Panel Discussion: Desertification in the Inter-Tropical Zones
Chair: Marie-Anne Isler-Beguin, MEP
Mr Manour N'Diaye, Secretariat of the UNCCD, outlined the UNCCD's role to contribute to poverty eradication and the promotion of sustainable development. For the most part desertification is found in areas of greatest poverty, where people are generally forced to over exploit marginal lands in order to survive. The UNCCD seeks to create a dynamic, coordinated process that links the environmental dimension of desertification with a broader socio-economic framework that supports self-sustaining livelihoods. National action plans are devised as an instrument to fight desertification but sufficient funding is crucial and must be made available. Furthermore, combating desertification and adapting to climate change are mutually reinforcing. The EU has an important long-term role to maximise the impact of assistance, and that individual countries should take a lead role, for example, Germany in Mali and Namibia, France in Cape Verde and Chad etc.
Mr Mohaned Lemine Ould El Hacen, Nauakchott University, Mauretania, highlighted the problems faced by one region, Mauretania and the Sahel. This is an area which is vulnerable, has a shortage of rainfall, a fragile ecosystem and the added pressures of growing densities of humans and cattle. In nomadic days these pressures weren't as pronounced but with the introduction of settlements and urbanisation, land degradation has increased. This in turn has led to an increase in dune formations, which are difficult to combat. The planting of tree was though to be a solution but in fact has only exacerbated the problem in other areas as they change wind patterns carrying the sand to other, often non-affected, areas. Therefore, it is important that actions carried out must be effective and long-term. Short-term projects that meet the needs of donor countries, often for publicity at home, are of little use.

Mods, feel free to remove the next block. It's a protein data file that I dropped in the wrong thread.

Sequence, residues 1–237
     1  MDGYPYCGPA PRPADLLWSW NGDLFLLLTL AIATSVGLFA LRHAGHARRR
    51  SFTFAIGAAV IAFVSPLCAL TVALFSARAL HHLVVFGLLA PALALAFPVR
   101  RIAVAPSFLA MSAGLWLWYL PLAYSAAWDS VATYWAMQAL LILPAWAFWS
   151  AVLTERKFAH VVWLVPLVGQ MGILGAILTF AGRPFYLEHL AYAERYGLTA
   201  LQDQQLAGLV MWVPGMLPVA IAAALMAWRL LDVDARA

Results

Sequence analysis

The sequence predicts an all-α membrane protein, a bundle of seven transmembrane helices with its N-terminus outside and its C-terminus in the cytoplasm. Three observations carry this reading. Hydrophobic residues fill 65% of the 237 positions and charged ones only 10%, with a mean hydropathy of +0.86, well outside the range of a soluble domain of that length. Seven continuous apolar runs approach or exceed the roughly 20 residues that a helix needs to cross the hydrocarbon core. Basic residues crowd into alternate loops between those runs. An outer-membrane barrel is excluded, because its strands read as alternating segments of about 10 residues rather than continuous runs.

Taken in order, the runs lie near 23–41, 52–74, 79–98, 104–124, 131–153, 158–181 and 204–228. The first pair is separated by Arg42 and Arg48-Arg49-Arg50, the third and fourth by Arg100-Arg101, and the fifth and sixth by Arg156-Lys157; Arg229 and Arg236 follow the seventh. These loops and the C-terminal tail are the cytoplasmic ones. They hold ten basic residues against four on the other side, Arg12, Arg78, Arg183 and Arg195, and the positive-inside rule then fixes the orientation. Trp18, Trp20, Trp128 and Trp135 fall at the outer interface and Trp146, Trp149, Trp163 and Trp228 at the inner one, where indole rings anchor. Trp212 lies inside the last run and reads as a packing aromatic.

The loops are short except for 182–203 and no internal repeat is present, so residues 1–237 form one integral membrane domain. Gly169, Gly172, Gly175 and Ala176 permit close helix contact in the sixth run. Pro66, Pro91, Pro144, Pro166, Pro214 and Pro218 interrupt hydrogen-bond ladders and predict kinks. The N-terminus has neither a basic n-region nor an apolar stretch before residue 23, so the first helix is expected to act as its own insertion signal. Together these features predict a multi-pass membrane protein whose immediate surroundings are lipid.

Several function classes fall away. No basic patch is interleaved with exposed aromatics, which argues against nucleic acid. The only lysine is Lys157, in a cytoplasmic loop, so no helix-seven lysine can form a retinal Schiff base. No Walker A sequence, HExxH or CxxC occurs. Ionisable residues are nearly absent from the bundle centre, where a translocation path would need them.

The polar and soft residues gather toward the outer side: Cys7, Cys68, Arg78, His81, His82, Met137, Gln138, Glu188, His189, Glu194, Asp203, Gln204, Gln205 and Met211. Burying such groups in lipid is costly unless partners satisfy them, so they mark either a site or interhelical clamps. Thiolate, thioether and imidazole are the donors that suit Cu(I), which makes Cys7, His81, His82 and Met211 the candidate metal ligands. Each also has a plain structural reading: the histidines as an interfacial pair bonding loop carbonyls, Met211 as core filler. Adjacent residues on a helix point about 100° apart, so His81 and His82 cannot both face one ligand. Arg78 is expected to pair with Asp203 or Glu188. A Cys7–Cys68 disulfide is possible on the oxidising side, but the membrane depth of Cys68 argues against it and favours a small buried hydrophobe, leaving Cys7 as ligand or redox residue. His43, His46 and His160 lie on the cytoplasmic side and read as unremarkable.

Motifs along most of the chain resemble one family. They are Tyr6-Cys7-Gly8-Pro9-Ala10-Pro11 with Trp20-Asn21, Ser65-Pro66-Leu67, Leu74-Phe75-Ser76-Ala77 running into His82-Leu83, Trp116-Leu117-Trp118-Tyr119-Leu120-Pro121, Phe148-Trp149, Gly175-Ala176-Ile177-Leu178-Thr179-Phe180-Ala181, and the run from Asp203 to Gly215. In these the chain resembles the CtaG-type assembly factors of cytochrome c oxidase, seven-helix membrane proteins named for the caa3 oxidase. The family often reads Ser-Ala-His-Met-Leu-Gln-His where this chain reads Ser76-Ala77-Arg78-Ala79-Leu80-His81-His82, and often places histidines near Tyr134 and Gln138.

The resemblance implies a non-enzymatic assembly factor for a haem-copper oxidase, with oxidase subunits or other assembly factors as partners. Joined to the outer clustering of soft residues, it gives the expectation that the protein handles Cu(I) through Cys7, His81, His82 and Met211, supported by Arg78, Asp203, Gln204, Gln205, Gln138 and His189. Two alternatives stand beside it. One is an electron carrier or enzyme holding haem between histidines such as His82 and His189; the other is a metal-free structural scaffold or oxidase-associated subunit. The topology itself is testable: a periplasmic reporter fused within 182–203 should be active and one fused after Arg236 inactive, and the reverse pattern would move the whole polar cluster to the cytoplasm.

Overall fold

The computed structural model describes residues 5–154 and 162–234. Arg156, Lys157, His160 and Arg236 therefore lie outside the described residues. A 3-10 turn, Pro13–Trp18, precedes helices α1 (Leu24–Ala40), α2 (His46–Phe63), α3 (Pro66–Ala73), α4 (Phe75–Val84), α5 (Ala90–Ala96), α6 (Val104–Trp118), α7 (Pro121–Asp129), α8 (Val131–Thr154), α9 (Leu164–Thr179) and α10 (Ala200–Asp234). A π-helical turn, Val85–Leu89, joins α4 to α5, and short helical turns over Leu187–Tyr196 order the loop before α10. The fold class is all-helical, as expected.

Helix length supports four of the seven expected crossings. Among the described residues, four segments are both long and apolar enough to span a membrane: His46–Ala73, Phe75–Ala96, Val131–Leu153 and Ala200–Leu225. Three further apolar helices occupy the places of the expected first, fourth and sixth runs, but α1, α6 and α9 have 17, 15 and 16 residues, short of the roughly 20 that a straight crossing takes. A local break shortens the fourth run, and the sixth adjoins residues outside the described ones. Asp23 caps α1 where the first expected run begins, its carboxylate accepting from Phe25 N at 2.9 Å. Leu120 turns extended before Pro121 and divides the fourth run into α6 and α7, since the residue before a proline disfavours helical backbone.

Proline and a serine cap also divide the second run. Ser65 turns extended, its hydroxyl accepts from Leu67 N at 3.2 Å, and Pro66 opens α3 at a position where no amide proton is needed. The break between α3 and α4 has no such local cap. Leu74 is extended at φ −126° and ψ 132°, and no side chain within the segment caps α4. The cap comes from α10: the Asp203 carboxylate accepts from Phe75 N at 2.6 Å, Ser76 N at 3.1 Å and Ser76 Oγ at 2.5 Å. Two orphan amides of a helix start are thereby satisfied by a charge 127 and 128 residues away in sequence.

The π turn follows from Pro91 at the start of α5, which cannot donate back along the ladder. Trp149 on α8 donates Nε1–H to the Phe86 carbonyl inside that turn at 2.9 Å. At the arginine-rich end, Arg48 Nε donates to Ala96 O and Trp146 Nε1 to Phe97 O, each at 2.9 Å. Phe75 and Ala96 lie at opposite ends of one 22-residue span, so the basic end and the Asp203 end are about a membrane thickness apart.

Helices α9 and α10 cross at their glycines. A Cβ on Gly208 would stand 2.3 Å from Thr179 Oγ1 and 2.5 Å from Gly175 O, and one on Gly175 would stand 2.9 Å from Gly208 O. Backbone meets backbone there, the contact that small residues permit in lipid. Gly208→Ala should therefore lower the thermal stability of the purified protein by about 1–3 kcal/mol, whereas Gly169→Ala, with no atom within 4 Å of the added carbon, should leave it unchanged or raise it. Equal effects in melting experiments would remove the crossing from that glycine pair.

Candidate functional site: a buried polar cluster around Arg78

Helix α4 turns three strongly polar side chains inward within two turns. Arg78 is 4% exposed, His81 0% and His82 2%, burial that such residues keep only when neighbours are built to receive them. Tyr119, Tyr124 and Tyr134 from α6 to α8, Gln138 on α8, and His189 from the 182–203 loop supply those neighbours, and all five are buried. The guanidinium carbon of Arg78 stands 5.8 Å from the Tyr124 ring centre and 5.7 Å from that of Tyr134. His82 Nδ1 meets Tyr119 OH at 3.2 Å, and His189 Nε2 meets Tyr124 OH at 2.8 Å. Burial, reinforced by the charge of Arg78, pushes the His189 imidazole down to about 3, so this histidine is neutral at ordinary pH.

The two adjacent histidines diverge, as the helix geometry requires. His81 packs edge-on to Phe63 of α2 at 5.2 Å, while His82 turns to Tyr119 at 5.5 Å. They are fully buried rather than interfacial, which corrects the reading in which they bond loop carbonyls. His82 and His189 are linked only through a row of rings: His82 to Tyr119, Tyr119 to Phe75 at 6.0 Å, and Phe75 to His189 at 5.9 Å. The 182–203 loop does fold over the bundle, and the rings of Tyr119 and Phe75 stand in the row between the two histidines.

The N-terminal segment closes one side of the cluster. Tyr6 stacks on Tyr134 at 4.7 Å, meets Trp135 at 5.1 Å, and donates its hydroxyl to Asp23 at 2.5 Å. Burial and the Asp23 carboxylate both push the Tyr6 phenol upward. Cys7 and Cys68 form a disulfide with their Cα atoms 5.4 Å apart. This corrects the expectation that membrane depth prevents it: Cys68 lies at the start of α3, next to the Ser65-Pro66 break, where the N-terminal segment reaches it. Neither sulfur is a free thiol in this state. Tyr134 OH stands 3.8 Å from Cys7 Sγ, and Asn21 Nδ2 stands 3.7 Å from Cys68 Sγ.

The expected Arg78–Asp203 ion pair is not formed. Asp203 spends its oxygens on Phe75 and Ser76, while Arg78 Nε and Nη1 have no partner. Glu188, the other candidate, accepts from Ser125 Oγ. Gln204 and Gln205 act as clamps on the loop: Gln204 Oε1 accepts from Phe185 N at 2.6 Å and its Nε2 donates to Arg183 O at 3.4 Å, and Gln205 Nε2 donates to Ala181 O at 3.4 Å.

Mr Patrice Burger, Director CARI, France, representing civil society, noted that the process of land degradation leads to a deterioration of the services of the ecosystem, which is the basic of life. As the land deteriorates, vegetation is lost; water hasn't the opportunity to soak into the soil and instead runs taking nutrients with it, causes erosion and damages streams and rivers with additional sediment. It is a global problem with 41% of the Earth's landmass and 38% of the population in dry areas. Approximately 250 million are directly affected. The FAO has said that land management has an impact but there are also other factors so it is difficult to define where the process begins or ends. The cost of desertification is increased immigration and cultural loss, and economic losses of between 1 and 10% of agricultural GDP. Furthermore, with climate change predicting a temperature increase, a further 30 to 40% of additional land could be affected. NGOs, he said, can have a positive influence, especially at the local level, providing added value to projects, but they need the capacity to do it. Public policy must be synchronised to deal with the complex problem of desertification but whether this can be achieved politically remains unanswered.